This is how you teach rape culture to 12-year-olds. And if you’re teaching it, don’t be surprised when, one day in the near or distant future, one of them commits an act of sexual violence. We sure as hell won’t be.

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  1. Posted April 10, 2013 at 11:10 am | Permalink

    We are moving backwards. As an entire society. The freedom of living and having an identity is over. The freedom of being ourselves and caring for our lives and our sexuality is over. We are moving backwards to a time when the norm was to hide our bodies to avoid arousing sexual appeal. Whereas a few years ago we would look at muslim women and found bizarre the fact that they need to cover their entire bodies and sometimes even the face and much harder for us to understand, even the eyes; that is the direction we are moving towards. Instead of teaching respect, we are teaching that men cannot cope with the view of a female body. That the view of bare arms is enough to excite them.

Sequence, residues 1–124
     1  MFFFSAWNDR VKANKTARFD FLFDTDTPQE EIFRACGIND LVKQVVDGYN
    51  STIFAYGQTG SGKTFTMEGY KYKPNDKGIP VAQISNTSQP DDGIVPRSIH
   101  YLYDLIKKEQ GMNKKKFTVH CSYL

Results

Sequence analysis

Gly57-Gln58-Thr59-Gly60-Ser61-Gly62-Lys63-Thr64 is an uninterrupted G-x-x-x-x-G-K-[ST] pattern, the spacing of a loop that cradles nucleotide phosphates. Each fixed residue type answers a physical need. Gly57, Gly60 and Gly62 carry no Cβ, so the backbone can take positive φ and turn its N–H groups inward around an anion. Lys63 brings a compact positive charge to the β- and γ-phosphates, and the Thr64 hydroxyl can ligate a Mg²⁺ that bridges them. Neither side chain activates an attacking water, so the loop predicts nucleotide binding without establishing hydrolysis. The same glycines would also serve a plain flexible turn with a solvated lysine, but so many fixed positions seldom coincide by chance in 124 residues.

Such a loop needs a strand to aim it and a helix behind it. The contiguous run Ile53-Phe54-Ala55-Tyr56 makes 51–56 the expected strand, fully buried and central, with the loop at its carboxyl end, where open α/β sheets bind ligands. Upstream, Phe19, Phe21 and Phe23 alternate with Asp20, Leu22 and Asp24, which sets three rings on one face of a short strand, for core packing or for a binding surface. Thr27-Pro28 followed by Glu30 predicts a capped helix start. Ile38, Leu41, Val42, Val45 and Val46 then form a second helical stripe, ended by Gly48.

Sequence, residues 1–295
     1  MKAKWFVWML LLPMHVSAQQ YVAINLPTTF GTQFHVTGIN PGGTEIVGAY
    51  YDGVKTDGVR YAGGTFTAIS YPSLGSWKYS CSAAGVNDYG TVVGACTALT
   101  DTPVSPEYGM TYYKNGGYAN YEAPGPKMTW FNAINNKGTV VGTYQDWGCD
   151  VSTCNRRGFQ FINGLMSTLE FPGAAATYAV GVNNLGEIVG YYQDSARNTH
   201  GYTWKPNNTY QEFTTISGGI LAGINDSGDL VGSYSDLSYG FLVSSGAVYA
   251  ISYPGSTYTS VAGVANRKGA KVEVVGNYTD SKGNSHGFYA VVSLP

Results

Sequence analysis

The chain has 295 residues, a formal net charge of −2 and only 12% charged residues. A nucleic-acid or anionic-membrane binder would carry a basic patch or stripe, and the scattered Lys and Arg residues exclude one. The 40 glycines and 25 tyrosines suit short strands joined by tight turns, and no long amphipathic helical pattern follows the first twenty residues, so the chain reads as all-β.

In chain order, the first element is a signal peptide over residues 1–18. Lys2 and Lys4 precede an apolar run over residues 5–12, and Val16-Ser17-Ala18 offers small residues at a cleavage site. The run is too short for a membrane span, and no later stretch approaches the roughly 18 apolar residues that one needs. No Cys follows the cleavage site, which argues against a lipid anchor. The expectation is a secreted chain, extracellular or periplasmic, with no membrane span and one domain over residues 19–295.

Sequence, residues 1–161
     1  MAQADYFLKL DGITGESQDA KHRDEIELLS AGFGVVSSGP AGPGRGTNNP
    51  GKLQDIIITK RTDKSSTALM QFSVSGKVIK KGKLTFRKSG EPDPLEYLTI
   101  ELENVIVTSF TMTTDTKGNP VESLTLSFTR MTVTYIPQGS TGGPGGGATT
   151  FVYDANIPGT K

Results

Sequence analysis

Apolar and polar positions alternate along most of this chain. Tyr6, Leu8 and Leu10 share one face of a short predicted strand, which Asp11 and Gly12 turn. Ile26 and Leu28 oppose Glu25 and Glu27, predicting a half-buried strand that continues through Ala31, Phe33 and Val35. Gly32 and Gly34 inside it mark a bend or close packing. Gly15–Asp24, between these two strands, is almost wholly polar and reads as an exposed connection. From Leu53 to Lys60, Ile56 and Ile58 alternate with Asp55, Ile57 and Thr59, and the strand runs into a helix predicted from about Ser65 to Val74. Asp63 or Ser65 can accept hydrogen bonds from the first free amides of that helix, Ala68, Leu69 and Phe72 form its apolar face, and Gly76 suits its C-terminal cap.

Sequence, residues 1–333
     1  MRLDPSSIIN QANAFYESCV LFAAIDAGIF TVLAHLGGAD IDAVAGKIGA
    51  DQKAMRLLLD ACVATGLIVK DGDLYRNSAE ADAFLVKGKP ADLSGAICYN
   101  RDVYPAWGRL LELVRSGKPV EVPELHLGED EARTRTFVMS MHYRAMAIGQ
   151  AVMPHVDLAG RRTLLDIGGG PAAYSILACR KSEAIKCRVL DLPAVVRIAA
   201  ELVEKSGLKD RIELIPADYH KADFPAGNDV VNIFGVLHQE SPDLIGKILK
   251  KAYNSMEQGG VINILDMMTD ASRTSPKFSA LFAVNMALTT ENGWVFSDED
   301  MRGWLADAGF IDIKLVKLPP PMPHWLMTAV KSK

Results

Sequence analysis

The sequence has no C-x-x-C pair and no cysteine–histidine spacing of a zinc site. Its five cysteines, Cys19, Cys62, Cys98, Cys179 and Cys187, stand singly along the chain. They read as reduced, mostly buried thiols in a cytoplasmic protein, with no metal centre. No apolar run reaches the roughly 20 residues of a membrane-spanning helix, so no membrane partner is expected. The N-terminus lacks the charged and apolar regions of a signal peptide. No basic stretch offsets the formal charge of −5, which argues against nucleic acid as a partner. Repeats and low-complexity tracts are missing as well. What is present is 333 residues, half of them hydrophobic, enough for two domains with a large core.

Congratulations contemporary world! I expected much more from you. I expected equality and respect. And all we got instead is this backwards look. Thank you very much for nothing.

  2. Posted April 10, 2013 at 11:36 am | Permalink

    And in Minnetonka, a suburb of Minneapolis last fall:

    Sparking the latest debate over what’s appropriate attire in schools, David Adney (school principal) sent an e-mail to high school parents Monday asking them to talk to their daughters about wearing spandex-like yoga pants or other tight-fitting leggings with T-shirts that expose “more leg and backside” and can “be highly distracting for other students.”

    So these “other students” (read: boys) would presumably never be distracted by girls were it not for the yoga pants. Right.

  3. Posted April 10, 2013 at 12:52 pm | Permalink

    Thank you feministing for bringing this to my attention. I work for the rape crisis center of sonoma county and do prevention education all over. I have done tons of work in the town of Petaluma and it looks like i will be reaching out to this school to do some more.

  4. Posted April 10, 2013 at 12:54 pm | Permalink